> Fragmented MP4 will be carried in some adaptive bit-rate containers, e.g. certain DASH profiles. In this case, the metadata tracks will be identified in the manifest file. However, with respect to the HTML5 "timed text track" API these are still in-band, i.e. not sourced from an external file. In this case, there is still the need to identify the type of metadata. Discussions are taking place now in MPEG and other places regarding requirements for identifying metadata tracks in DASH.

I agree the HTTP adaptive streaming may create a use case where we
have to deal with a complex resource of potentially many tracks.
However, we haven't even decided on how to solve HTTP adaptive
streaming in the browser yet. Many discussions are going on about this
right now in several forums. Right now, I cannot see which of the
existing solutions would become adopted by the browsers or whether it
may even be a new one. My gut feeling is that the functionality may be
a subpart of DASH, even though DASH itself may not be able to be
picked for IP reasons. So, until we know what will happen there, let's
not create a solution for something that hasn't been decided on yet.

As for the inclusion of metadata tracks in HTTP adaptive streaming
manifests: right now my thinking is that it makes no sense to include
text tracks into a manifest, because the manifest has the sole purpose
to switch between tracks of differing bitrate for video (and maybe for
audio). Since text tracks are typically of a much smaller bandwidth
that audio or video and contain very concise information that cannot
be "bit peeled", they should not take part in the adaptive manifest.
Instead, they should be delivered through the <track> element.

But let's wait for a specification and for some trial implementations
on this. I think we are trying to solve a problem that doesn't even
exist yet.

>> If there is such a field that you need
>> exposed on top of what is already there, then it would indeed make sense
>> to include that.
> As described above, there is or will be such a field.
>> But I honestly doubt that you will find in-band tracks
>> that will tell you that they contain adinsertion information or
>> syncwebcontent data.
> See above.

I'm still skeptical about application-specific metadata tracks inside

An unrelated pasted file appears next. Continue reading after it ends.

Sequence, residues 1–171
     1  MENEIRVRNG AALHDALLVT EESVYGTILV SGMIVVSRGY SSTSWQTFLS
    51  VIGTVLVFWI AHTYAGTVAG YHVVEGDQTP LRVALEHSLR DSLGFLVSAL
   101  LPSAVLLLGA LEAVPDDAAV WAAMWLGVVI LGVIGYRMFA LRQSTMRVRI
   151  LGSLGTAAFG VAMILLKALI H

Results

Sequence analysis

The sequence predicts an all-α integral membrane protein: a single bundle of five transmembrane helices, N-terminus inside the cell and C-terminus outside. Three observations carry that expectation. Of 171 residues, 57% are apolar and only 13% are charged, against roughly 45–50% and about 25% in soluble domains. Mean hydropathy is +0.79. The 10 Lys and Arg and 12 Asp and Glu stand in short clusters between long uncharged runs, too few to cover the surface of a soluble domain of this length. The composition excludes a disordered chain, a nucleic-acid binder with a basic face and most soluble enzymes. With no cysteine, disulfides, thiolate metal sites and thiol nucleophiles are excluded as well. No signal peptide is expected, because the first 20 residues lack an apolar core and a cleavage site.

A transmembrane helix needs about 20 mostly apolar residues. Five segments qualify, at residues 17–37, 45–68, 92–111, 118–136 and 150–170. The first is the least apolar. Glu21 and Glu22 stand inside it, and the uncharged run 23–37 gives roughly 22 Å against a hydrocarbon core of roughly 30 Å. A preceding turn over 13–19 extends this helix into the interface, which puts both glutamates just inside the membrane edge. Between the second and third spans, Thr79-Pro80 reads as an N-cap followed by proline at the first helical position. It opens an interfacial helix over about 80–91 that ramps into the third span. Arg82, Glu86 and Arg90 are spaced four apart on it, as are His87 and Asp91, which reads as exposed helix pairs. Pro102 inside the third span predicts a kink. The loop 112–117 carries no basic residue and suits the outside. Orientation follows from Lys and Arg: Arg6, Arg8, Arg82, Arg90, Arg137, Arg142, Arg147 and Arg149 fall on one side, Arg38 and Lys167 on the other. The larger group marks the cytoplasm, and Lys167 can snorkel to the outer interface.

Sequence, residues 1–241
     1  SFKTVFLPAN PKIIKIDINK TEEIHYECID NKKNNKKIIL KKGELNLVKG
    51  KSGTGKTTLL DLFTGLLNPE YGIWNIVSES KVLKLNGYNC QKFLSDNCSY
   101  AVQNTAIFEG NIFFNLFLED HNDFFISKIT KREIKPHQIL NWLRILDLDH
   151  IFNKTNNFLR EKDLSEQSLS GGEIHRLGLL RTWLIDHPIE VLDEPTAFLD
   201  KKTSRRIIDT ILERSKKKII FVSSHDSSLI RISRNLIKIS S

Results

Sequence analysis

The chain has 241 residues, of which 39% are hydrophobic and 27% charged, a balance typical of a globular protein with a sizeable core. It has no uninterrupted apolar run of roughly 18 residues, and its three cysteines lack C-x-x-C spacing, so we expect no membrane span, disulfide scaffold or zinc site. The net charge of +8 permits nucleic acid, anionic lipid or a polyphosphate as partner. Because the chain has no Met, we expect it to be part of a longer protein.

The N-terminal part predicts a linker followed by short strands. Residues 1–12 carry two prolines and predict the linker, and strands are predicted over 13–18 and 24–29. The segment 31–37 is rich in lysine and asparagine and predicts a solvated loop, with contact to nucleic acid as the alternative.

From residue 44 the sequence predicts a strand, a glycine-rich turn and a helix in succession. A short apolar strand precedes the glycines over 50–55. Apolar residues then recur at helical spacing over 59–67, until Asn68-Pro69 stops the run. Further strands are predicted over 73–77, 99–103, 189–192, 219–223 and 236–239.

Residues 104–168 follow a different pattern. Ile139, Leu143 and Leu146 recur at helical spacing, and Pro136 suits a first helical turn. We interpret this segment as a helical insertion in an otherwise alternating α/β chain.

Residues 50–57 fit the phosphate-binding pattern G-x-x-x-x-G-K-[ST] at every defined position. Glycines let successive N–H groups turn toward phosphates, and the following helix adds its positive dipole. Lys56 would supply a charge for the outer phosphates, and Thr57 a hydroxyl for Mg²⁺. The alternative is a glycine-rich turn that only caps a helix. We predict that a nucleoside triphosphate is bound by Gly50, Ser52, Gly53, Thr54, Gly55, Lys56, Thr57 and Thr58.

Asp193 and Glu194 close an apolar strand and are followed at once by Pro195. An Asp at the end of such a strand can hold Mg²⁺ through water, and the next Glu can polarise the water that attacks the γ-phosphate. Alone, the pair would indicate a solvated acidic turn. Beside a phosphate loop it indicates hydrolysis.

a MP4/WebM/Ogg file. At this stage I'd say: show me an example file
that has this and some software that exists now and that extracts it
and a use case where these need to be on the Web.

>> This is all very application-specific
> You are right these are application specific but in the broadcast industry these applications are common: ETV (http://www.cablelabs.com/advancedadvertising/etv/), ad insertion (http://www.scte.org/documents/pdf/standards/ANSI_SCTE%2035%202007%20Digital%20Program%20Insertion%20Cueing%20Message%20for%20Cable.pdf) and parental control content advisories (http://www.ce.org/Standards/browseByCommittee_2524.asp)
>> and therefore can only be solved with external text tracks IMHO.
> Out-of-band timed text tracks work well for file based content but I don't think will work for linear streams with no start or end.

It works to deliver timed tracks live. There are plenty of text
streaming services available these days, such as
http://www.realtimetranscription.com/, http://streamtext.net/. Any
application data can be streamed in a similar way. I can be done with
with <text> tracks or with MutableTextTrack.

Overall, I think it's just too early to make a call on this. After
all, it all has to be implemented into browsers. If the existing
methods turn out not to work with a large set of content from a large
variety of sources that will typically hit the Web, then it makes time
to implement a standard means of dealing with such content. I can't
see that being the case right now.

Received on Friday, 20 May 2011 04:12:42 UTC